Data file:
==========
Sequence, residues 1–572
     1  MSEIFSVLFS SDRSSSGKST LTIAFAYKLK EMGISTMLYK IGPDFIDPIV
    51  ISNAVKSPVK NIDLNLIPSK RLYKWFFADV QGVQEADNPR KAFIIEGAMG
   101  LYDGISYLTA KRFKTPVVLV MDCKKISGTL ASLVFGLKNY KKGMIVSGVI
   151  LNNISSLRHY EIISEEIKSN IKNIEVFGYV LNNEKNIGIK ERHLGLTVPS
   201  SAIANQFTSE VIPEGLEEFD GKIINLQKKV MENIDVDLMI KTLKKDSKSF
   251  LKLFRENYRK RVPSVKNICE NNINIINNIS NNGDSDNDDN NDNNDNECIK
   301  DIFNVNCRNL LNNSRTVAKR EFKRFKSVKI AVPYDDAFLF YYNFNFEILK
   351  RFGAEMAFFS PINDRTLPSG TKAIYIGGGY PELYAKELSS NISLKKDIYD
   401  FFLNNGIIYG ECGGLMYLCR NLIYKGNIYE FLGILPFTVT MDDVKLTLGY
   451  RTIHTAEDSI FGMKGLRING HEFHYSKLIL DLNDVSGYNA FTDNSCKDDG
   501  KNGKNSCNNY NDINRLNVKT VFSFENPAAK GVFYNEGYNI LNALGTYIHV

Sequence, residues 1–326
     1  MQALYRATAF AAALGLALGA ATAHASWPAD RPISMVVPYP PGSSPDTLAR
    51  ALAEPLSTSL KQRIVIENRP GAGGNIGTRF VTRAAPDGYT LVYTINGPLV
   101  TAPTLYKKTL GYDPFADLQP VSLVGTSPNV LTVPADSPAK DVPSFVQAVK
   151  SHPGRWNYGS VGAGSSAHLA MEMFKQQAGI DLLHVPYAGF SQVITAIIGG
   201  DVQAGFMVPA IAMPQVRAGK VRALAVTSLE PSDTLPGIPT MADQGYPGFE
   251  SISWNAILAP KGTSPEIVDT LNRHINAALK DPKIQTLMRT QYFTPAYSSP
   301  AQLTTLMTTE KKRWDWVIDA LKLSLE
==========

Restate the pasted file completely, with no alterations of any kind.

Sequence, residues 1–572
     1  MSEIFSVLFS SDRSSSGKST LTIAFAYKLK EMGISTMLYK IGPDFIDPIV
    51  ISNAVKSPVK NIDLNLIPSK RLYKWFFADV QGVQEADNPR KAFIIEGAMG
   101  LYDGISYLTA KRFKTPVVLV MDCKKISGTL ASLVFGLKNY KKGMIVSGVI
   151  LNNISSLRHY EIISEEIKSN IKNIEVFGYV LNNEKNIGIK ERHLGLTVPS
   201  SAIANQFTSE VIPEGLEEFD GKIINLQKKV MENIDVDLMI KTLKKDSKSF
   251  LKLFRENYRK RVPSVKNICE NNINIINNIS NNGDSDNDDN NDNNDNECIK
   301  DIFNVNCRNL LNNSRTVAKR EFKRFKSVKI AVPYDDAFLF YYNFNFEILK
   351  RFGAEMAFFS PINDRTLPSG TKAIYIGGGY PELYAKELSS NISLKKDIYD
   401  FFLNNGIIYG ECGGLMYLCR NLIYKGNIYE FLGILPFTVT MDDVKLTLGY
   451  RTIHTAEDSI FGMKGLRING HEFHYSKLIL DLNDVSGYNA FTDNSCKDDG
   501  KNGKNSCNNY NDINRLNVKT VFSFENPAAK GVFYNEGYNI LNALGTYIHV

Sequence, residues 1–326
     1  MQALYRATAF AAALGLALGA ATAHASWPAD RPISMVVPYP PGSSPDTLAR
    51  ALAEPLSTSL KQRIVIENRP GAGGNIGTRF VTRAAPDGYT LVYTINGPLV
   101  TAPTLYKKTL GYDPFADLQP VSLVGTSPNV LTVPADSPAK DVPSFVQAVK
   151  SHPGRWNYGS VGAGSSAHLA MEMFKQQAGI DLLHVPYAGF SQVITAIIGG
   201  DVQAGFMVPA IAMPQVRAGK VRALAVTSLE PSDTLPGIPT MADQGYPGFE
   251  SISWNAILAP KGTSPEIVDT LNRHINAALK DPKIQTLMRT QYFTPAYSSP
   301  AQLTTLMTTE KKRWDWVIDA LKLSLE